Loneliness, particularly among folks under shelter-in-place orders, is a growing issue for Americans during the coronavirus pandemic, new research finds.
More people report they are feeling lonely, depressed and even harboring thoughts of suicide as COVID-19 cases in the United States soar. And those who are chafing under lockdown or other stay-at-home restrictions appear to be at the gre...
Back off, Mom and Dad: Teens who feel their parents are overly controlling may have more difficulty with romantic relationships as adults, a new study suggests.
The study, which followed 184 teens, found that those with domineering parents had a future that was different from their peers: On average, they did not go as far in their education, and they were less likely to be in a roman...
When the Beatles sang that "money can't buy me love," they were right, researchers say.
"When people base their self-worth on financial success, they experience feelings of pressure and a lack of autonomy, which are associated with negative social outcomes," said researcher Lora Park, an associate professor of psychology at University at Buffalo, in New York.
Having a large social network of other people with the same sexual identity benefits the health of LGBT people, a new study finds.
Previous studies have found that discrimination and related stress can be harmful to the health of lesbian, gay, bisexual and transgender (LGBT) people, so researchers decided to look at social factors that may reduce that harm.
Married folks not only live longer than singles, but the longevity gap between the two groups is growing, U.S. government health statisticians report.
The age-adjusted death rate for the married declined by 7% between 2010 and 2017, according to a new study from the National Center for Health Statistics (NCHS), part of the U.S. Centers for Disease Control and Prevention.
An upbeat view of life may increase your odds for living to a ripe old age, new research suggests.
The finding stems from a look at optimism and longevity among nearly 70,000 women and 1,400 men. It builds on earlier research linking higher levels of optimism to lower risks of chronic illness and premature death.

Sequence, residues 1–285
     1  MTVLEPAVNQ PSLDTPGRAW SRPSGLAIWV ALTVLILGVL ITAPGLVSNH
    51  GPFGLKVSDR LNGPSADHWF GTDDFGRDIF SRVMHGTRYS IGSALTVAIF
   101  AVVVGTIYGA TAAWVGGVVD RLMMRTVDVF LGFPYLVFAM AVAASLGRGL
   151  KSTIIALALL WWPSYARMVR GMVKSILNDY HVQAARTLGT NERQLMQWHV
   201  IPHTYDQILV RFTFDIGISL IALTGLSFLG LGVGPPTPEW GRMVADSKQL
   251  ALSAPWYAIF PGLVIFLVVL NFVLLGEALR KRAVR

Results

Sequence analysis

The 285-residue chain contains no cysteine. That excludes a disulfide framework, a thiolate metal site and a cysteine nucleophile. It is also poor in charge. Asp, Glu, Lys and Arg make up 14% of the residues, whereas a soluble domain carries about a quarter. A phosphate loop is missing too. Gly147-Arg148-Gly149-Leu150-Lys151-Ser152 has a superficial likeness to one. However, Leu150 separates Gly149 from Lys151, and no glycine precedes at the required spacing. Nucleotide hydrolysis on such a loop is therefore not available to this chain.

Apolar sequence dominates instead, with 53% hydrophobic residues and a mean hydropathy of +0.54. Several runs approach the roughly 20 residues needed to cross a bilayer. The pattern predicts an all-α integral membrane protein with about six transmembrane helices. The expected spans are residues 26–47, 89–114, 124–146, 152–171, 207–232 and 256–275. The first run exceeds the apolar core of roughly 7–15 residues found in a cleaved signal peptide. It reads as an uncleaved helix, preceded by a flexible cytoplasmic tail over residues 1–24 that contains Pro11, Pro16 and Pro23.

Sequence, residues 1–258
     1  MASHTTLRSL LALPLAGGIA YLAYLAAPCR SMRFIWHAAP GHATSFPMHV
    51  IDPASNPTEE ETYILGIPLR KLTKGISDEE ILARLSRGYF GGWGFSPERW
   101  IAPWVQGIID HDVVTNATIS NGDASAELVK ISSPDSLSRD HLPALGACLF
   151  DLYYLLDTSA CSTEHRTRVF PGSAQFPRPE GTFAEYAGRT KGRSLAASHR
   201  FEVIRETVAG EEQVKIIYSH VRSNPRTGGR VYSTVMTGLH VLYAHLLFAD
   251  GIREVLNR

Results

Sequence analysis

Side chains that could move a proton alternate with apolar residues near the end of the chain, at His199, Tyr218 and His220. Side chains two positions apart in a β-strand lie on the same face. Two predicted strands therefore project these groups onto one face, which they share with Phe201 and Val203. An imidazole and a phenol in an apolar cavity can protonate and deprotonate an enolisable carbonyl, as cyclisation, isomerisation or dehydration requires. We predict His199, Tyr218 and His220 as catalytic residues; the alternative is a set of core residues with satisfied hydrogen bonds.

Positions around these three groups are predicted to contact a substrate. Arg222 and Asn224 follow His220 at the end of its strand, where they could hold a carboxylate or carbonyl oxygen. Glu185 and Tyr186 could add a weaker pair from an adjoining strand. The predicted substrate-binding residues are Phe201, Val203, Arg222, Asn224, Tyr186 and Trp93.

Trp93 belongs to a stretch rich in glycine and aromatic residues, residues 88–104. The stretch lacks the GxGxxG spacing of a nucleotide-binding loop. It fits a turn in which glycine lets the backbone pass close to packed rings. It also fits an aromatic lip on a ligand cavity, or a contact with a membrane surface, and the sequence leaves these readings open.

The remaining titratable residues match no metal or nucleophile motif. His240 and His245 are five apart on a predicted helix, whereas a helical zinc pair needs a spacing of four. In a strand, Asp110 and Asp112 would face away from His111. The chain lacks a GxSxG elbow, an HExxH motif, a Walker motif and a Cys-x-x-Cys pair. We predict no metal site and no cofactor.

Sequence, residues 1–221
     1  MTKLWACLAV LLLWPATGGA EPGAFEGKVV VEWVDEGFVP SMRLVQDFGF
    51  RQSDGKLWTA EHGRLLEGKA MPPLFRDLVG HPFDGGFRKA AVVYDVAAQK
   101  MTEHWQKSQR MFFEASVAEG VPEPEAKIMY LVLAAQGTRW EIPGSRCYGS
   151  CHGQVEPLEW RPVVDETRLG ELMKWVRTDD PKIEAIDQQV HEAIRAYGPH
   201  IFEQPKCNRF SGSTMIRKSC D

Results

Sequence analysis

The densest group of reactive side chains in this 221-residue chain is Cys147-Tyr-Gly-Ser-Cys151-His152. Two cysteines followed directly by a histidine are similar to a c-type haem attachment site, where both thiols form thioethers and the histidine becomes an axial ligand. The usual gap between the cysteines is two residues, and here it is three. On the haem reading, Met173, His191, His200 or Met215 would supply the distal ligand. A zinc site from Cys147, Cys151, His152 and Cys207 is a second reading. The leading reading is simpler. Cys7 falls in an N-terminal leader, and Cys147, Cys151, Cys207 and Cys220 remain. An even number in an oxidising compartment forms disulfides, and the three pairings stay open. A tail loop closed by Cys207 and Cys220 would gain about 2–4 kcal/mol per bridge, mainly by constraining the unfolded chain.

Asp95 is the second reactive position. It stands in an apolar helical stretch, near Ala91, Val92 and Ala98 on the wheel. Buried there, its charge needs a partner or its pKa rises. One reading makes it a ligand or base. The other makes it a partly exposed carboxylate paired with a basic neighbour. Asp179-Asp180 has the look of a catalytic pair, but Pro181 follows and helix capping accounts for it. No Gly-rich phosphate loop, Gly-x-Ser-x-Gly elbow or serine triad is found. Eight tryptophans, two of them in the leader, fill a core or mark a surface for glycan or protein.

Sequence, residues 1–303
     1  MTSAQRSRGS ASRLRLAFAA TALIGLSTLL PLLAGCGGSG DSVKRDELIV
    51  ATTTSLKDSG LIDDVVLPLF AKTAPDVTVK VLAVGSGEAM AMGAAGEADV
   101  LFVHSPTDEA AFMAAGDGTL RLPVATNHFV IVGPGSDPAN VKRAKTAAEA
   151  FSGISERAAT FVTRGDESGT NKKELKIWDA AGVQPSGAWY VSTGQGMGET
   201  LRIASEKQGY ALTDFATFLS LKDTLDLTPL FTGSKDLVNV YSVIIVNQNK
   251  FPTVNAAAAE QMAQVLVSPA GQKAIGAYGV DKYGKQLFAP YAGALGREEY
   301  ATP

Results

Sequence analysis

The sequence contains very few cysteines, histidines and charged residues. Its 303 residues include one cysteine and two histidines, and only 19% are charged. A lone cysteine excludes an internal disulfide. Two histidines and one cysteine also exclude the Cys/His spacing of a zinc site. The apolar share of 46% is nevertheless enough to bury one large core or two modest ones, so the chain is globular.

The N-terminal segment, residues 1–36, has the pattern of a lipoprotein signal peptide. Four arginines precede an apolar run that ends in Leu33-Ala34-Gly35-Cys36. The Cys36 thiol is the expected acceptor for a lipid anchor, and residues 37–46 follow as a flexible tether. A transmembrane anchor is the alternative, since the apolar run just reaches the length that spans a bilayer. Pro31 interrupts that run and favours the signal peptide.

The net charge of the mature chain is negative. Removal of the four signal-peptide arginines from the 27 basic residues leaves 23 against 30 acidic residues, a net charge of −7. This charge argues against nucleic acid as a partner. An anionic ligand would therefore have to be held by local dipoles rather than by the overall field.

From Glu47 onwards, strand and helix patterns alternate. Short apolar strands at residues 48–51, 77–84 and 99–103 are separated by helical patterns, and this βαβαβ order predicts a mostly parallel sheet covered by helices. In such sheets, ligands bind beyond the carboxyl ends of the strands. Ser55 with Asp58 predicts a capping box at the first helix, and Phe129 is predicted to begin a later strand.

"This study took us further by suggesting that optimistic peo...
Though they often dread social events, many introverts find they're not as bad as feared and some have learned to fake an outgoing personality to get through the experience.
In the business world, socializing is a key to success, said Erik Helzer, who led a team that examined the psychological implications for both introverts and extroverts. Helzer is an assistant professor of managem...
When your favorite college team wins the big game, it can boost your self-esteem for days -- especially if you watch the game with others, a new study suggests.
Researchers assessed 174 students from Ohio State (OSU) and Michigan State (MSU) universities before and after a key 2015 football game. Michigan State, then ranked No. 9, beat No. 3 OSU on a field-goal as time expired.
Getting older can be a lonely business, and a new survey shows that health problems only make matters worse.
The online poll of more than 2,000 adults, aged 50 to 80, revealed that one in four said they feel isolated from other people at least some of the time, and one in three say they don't have regular companionship.
Health played a role in just how lonely someone was. Th...
If the fun is often missing from your social activities or play feels like work, researchers at Washington University in St. Louis have an explanation: You're probably overplanning.
With so many demands on your time, precise scheduling might be the only way to accomplish everything you want. But while that can help at work and with family responsibilities, applying it to leisur...